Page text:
Barely a week after the British Medical Association (BMA) warned the government against the full lifting of Covid-19 measures, now the Academy of Medical Royal Colleges (AoMRC) has sounded additional alarm bells by warning the pandemic will “get worse before it gets better”.
In a statement, the AoMRC – which is the coordinating body for the UK and Ireland’s 23 Medical Colleges and Faculties - said it was “essential” that people took a “responsible” approach when restrictions are formally lifted on July 19.
The coordinating body is urging people to remain “cautious” by taking active measures, principally by wearing face masks in crowded indoor spaces.
The AoMRC has also warned that the National Health Service (NHS) is coming “under unprecedented pressure” as more and more people take advantage of the lifting of Covid-related restrictions to seek treatment for non-urgent medical issues.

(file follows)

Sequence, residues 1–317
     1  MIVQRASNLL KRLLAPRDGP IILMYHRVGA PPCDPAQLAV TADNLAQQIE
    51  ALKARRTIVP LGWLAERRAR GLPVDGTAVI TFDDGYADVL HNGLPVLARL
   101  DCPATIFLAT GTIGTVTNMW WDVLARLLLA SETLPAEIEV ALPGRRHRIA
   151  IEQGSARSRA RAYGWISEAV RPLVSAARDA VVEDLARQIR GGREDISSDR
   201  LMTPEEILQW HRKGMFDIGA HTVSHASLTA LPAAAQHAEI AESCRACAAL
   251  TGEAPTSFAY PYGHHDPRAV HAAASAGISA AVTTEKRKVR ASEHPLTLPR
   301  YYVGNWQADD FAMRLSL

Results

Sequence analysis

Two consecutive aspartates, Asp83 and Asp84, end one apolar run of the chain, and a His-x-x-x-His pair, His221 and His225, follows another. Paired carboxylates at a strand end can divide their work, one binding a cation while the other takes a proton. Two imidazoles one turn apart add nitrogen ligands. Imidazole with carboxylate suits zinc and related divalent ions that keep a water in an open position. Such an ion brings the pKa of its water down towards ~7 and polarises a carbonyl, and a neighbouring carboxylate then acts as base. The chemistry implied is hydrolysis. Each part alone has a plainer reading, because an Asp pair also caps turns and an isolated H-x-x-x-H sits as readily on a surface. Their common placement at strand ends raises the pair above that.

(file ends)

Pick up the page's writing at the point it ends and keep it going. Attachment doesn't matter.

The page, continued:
The AoMRC’s intervention is likely to be viewed as an irritant by the government which appears determined to lift all Covid-19 measures in England on July 19.
The government is expected to set out its final decision on Monday (July 12) but all indications are it will merely confirm its earlier decision to lift practically all pandemic-related measures and restriction on July 19.
Speaking to BBC Radio 4’s Today program, AoMRC chairwoman, Professor Helen Stokes-Lampard, said that while her organization was “cautious about issuing dire warnings”, nonetheless she has become “profoundly concerned” about the prospect of removing all restrictions on July 19.
"There seems to be a misapprehension that life will return to normal from then and that we can throw away all the precautions and, frankly, that would be dangerous", Professor Stokes-Lampard added.
The growing dispute between the government and professional medical bodies over the lifting of restrictions is unfolding against the backdrop of rapidly increasing Covid-19 infections.
On Friday (July 09), the UK recorded 35,707 Covid-19 infections, the highest daily figure since January 22.
In addition, 29 Covid-19 related deaths – which occurred within 28 days of a positive test – were recorded on Friday.